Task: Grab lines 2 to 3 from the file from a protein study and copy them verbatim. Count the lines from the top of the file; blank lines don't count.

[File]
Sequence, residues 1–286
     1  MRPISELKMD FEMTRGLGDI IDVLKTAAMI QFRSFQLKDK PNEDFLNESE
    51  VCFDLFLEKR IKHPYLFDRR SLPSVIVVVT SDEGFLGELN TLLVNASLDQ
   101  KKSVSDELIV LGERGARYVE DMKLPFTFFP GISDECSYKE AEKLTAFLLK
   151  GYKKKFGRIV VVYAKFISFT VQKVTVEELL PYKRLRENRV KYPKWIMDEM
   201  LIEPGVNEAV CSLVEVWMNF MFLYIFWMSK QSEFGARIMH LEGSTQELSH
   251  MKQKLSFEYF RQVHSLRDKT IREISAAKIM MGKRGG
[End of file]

     1  MRPISELKMD FEMTRGLGDI IDVLKTAAMI QFRSFQLKDK PNEDFLNESE
    51  VCFDLFLEKR IKHPYLFDRR SLPSVIVVVT SDEGFLGELN TLLVNASLDQ